This article was written by Richard Gardner, founder and CEO of Modulus Global.
Over the past few decades, technology has served as the great decentralizer. Youtube, Facebook, Twitter all offering an alternative to the once hyper-concentrated power of ‘big media’. It wasn’t so long ago that news was defined by what appeared in your local newspaper or on the 5:00 broadcast. Now, information is ubiquitous through social media and instant aggregators like Google.
Recently, I wrote about Arizona’s change in state law, which ensured short-term rentals, like those stemming from decentralized Airbnb, the ability to compete without extensive local regulation. Airbnb epitomizes a massive cultural shift. Out with the large-scale, global hotel chains. In with local decentralization. Let’s not forget Uber. And eBay. The list goes on.
So, it shouldn’t be surprising that even in the world of alternative currencies, like Bitcoin, decentralization is an emerging facet. Zealous supporters of Bitcoin are quick to use their e-column inches to discuss the many intrinsic benefits of cryptocurrency, of which there are admittedly many. But, with every advantage comes a give and take. In terms of cryptocurrencies, the question is in security.
After the 2014 attack on Mt. Gox, which led to a loss of $460m in Bitcoin, the stability of the whole concept was in question. The cryptocurrency’s value fell through the floor, losing half its worth within twelve months. Then, last year, the Bitstamp exchange, which at that time was the third most used Bitcoin marketplace, was breached by hackers who ran off with roughly $5.1m in cryptocurrency.
In reality, the attack on Bitstamp only wiped out a small portion of the exchange’s assets because of its storage procedures, leaving the vast majority of Bitcoins in cold storage, essentially off-site, off-line hard drives, instead of on servers in data centers, which are collectively called a hot wallet. Hot wallets are significantly more convenient for fund owners, as they facilitate faster transactions, but at the same time, their connectivity subjects them to a significantly higher risk of succumbing to a hacker.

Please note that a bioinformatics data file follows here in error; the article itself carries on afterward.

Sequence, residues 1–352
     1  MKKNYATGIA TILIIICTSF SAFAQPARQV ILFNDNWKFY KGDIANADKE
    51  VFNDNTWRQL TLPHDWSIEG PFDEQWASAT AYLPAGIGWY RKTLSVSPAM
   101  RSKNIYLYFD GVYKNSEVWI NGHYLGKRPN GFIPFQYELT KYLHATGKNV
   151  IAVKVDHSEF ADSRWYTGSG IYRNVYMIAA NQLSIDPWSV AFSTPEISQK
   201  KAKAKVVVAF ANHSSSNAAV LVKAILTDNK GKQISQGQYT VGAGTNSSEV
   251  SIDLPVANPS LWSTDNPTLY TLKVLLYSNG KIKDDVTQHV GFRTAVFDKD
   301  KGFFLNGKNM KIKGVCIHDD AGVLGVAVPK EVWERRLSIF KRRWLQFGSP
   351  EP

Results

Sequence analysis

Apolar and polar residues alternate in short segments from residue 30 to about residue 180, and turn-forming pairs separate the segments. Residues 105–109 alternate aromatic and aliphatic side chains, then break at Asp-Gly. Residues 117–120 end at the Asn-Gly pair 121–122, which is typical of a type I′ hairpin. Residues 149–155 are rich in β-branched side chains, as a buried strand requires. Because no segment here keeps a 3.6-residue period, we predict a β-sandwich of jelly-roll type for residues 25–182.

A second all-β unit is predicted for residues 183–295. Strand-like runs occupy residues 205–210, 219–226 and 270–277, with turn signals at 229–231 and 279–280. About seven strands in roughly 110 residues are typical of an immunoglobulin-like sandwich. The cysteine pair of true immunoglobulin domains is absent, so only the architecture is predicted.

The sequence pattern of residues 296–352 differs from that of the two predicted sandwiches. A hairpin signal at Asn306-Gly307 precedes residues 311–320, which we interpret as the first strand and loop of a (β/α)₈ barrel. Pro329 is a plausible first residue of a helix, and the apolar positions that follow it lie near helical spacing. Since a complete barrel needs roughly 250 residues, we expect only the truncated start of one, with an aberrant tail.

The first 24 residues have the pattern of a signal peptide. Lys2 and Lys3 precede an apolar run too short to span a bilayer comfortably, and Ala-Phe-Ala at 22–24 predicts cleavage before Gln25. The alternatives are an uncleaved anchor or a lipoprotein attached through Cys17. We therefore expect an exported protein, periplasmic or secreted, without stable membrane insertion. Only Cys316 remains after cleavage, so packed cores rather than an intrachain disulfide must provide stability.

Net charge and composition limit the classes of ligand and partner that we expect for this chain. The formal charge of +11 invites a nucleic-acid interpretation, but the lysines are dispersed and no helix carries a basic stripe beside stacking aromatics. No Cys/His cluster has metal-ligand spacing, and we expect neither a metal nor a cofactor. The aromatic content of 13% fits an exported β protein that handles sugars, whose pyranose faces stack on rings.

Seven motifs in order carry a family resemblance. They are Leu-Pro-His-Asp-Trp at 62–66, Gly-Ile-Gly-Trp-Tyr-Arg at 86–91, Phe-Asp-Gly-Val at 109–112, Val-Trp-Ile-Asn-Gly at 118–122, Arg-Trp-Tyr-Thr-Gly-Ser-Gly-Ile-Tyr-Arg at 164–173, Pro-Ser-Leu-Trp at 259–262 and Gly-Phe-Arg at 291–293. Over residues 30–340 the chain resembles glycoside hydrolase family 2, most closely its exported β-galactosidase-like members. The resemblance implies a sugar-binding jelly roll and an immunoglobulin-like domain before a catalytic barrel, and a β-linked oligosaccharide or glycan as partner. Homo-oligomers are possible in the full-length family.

These hot wallets are a pocket of centralization in a decentralized system. If fiat currency is the hotel industry, and cryptocurrency is Airbnb, then these hot wallets can essentially be thought of as a real estate investment firm which may control 15% of the available rental stock in the marketplace.
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This centralization proves to be a problem in our world of cryptocurrency because it allows for considerably easier access to hackers, and once they’ve broken through the perimeter, there is a large stock of funds from which to pilfer. This is not significantly different than the vault of a bank, with the exception that each bank branch has its own vault. Imagine if Bank of America took the all of cash from the vaults of its thousands of branches and placed it in one central holding location. Imagine the risk.
But, let’s not stop the analysis there. As we know, Bitcoin is not recognized as a legitimate form of currency. This means government protections are not innately the same as those covering currency in a bank vault. Because governments are still in flux trying to figure out how to classify Bitcoin, security is not standardized through the same sets of regulations as it would be if it were classified in a concrete way, whether as a currency, a commodity, or something else entirely.
DAO and decentralization
The centrality issue may well see itself solved as blockchain technologies inspire more hope and confidence. Total decentralization would, indeed, increase security from hackers, and with increased security, the semi-cottage cryptocurrency industry would expand in a more mainstream fashion. However, this isn’t to say that there won’t be growing pains during the expansion of blockchain tech. As we’ve seen this past week, blockchains have yet to be totally secured, as the Decentralised Autonomous Organisation (DAO) was hacked, resulting in transfer of roughly $50m in cryptocurrency.
The DAO was the largest crowdfunding project in history, closing a $132m round just last month, which was the basis of a corporation theoretically free from management, run by computer code. Built on the Ethereum network, the online co-op functioned with a decentralized set of members who bought tokens, allowing them voting rights within the organization. The members then democratically decided what the network should be working on in order to generate revenue.
Before the hack, the DAO held more than $150m of ether in its coffers. While the founders of the experiment expect all missing funds to be recovered, they plan to end the experiment and return the funding to investors. It is worth noting, however, that the value of ether has dropped nearly 50% since the attack.
As platforms turn towards blockchain technologies, not unlike the DAO, parties will conduct business without the need for clearinghouses, centralized exchanges, brokerages, and more. Not only would a fragmented approach make hackers’ jobs more difficult, it would also reduce costs and redundancies for a more efficient ecosystem. Nevertheless, before this can become a reality, there is much work to be done to ensure such projects are truly secure before the technology will be accepted more widely.